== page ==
Halsey Frank is a Portland resident, attorney and former chairman of the Republican City Committee.

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  • Aliyah33

    Taking it a step further: “Always look on the bright side of law, but do the homework.” Since you have a personal relationship with Merrick Garland, I’m wondering if you’d take time to review some links and comment. Specifically, here’s one from corbettreport.com titled “OKC Judge Rewarded With Supreme Court Nomination” describing Garland as an “insider cover-up crony for the oligarchs”.

    Within the show notes are several other informative links including an April 2010 NY Times article by Charlie Savage, “How Bombing Case Helped Shape Career of a Potential Justice”, and James Corbett’s Episode 305 – The Secret Life of Timothy McVeigh. The information regarding Merrick Garland is very disturbing, and I don’t believe we can take him at face value and personal recommendation.

    https://www.corbettreport.com/interview-1150-new-world-next-week-with-james-evan-pilato/

    • Kevin McCarthy

      A left-wing alter ego of Glenn Beck doesn’t merit a response as far as I’m concerned. Mr. Frank is welcome to do as he pleases, however.

      And for the record, Halsey your attempt at equivalence between Senate Republicans of today and senate Democrats in 1987 is entirely off the mark. I get it that you have to protect the brand. At least be honest about it.

      • Aliyah33

        Kevin, was your response meant for Halsey Frank?

        • Kevin McCarthy

          No and yes.

          • Aliyah33

            Sigh…still stuck in the “left” or “right” then if I’ve understood what you’d meant… Wonder how many others are weary of the labels, black or white thinking, the dichotomy, “my school’s better than your school”, cheerleaders for donkeys or elephants – as if those are always our only options, Jocks against Freaks….

            James Corbett is definitely no Glenn Beck (Beck’s inclined towards drama and connected to MSM Fox News), and that’d be apparent to anyone spending more than a few seconds to review the information on his website. “…protect the brand…” is definitely indicative of dichotomous thinking (although not all of your comments have been this way).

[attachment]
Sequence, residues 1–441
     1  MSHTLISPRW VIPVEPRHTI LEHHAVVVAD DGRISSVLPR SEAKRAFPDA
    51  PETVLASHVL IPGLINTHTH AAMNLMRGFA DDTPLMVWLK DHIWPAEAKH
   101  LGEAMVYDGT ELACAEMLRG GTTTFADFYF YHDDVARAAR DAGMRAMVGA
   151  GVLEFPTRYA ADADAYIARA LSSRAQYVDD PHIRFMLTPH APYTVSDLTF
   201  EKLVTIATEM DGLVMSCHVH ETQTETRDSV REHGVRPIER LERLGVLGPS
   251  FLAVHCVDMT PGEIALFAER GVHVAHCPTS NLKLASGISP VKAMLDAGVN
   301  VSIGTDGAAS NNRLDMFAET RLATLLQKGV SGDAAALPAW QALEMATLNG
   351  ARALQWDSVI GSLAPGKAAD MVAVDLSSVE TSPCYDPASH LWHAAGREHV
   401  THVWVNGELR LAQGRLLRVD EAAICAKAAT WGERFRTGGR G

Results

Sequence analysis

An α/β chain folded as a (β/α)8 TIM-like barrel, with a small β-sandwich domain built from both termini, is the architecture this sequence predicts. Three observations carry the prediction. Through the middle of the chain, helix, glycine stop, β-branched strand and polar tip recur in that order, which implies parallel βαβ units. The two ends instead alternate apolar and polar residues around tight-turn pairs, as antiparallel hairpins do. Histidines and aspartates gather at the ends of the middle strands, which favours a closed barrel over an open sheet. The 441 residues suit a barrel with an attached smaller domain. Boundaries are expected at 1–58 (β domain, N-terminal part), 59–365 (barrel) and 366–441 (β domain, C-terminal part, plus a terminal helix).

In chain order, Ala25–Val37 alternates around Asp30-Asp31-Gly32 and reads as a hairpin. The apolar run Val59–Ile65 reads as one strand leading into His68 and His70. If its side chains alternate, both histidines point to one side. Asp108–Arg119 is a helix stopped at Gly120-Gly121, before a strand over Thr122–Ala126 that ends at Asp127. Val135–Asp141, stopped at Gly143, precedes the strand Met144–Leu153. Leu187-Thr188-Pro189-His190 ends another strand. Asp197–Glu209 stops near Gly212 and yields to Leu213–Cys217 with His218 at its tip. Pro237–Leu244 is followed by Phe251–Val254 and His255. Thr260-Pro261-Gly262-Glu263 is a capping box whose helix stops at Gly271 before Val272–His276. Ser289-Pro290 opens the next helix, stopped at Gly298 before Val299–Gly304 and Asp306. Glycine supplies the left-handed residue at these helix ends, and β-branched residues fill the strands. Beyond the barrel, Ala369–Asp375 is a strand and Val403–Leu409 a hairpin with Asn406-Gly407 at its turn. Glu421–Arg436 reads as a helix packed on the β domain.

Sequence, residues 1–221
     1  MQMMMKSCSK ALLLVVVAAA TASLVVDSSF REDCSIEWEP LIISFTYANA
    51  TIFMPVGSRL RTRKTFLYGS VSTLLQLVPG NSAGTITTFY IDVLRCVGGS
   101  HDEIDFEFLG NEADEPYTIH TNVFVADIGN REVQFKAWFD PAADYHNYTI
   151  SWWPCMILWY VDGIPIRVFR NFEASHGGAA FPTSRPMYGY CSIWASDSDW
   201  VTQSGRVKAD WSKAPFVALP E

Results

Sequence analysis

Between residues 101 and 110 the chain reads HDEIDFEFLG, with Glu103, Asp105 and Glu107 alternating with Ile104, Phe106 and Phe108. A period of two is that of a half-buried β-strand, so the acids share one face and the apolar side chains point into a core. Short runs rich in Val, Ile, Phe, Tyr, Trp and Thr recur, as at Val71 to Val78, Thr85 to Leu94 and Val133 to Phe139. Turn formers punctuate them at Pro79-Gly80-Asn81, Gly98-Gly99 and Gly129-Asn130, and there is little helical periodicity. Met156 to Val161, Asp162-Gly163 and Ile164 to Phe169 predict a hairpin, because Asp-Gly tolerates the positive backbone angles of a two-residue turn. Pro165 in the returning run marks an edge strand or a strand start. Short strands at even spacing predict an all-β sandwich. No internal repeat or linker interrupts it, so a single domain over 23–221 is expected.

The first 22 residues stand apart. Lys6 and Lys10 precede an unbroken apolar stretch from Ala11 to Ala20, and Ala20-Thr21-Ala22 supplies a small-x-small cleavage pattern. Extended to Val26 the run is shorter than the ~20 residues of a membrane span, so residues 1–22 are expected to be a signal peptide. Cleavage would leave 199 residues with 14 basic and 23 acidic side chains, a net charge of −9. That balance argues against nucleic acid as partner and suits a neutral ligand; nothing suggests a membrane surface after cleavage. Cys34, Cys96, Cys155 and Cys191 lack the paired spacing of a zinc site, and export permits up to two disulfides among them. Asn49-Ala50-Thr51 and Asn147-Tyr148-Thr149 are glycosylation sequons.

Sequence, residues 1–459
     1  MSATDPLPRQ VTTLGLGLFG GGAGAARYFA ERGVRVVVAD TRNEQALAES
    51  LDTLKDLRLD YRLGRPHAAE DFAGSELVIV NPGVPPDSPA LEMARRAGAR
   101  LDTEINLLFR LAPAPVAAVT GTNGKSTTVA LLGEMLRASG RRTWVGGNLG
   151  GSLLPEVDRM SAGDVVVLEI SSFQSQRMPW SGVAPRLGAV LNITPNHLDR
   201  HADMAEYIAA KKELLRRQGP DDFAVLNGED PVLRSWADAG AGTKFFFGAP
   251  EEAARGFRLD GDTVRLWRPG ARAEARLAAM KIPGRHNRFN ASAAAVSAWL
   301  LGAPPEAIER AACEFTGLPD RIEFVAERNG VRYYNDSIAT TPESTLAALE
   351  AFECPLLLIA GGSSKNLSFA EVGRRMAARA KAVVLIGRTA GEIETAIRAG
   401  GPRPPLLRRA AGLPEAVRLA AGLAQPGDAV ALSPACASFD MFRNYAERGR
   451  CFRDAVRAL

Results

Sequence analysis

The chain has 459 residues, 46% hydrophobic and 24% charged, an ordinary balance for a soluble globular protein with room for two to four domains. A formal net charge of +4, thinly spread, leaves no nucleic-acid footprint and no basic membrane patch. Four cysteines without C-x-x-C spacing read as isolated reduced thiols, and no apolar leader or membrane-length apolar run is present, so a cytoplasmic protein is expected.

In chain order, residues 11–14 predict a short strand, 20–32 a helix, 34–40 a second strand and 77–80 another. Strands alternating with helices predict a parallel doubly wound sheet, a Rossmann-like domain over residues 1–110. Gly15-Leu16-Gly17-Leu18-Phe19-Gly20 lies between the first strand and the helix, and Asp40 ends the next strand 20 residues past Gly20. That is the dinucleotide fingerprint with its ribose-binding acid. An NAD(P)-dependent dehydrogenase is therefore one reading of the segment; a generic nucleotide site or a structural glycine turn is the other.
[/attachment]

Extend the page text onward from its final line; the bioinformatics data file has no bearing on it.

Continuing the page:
SCOTUS nominee Merrick Garland needs a closer look; he’s aware of much more about OKC (see FBI whistleblower, Dr. Fredric Whitehurst), and is well-connected regardless of Democrat or Republican leanings.

          • Kevin McCarthy

            Sorry if you’re weary of the “left-right” labels. They can be useful in a very broad way. I didn’t come up with Mr. Corbett’s characterization as “left.” He does it himself in his podcast titled “Meet James Corbett” featured under the “About” menu on his website. I would agree he is no Glenn Beck. Glenn Beck can claim that honor all to himself. As for the Corbett/Beck similarities, the conspiracy theories, jargon, eye-rolling, air quotes, smarminess, obscure references, elevation of coincidences into proof of some nefarious shadow global government tend to detract from what could be some occasionally useful information. Then there’s Corbett’s vastly over-inflated sense of ego and self –importance. All of that may be entertaining to some, to me it’s just not worth the effort. More important, since he views his role as “replacing” the traditional press, then his judgment, or lack thereof, is intertwined with the substance of his reporting.

            And I’m sorry you feel it necessary make some vague criticism of my “dichotomous thinking” by referencing my point about Halsey Frank’s intentions to protect his brand. His “brand”, in case you hadn’t noticed, is Republican (it’s referenced right underneath his picture). Right from the outset of his column, Mr. Frank sets up an equivalence that doesn’t exist. But his real point is that Garland ought to be considered on his merits by the Senate; for which Mr. Frank deserves praise because that is heresy among prevailing Republican commentators. And I agree with you that Garland needs a closer look – maybe for all the reasons you allude to. But (with apologies to Yogi Berra), that ain’t gonna happen if it doesn’t happen.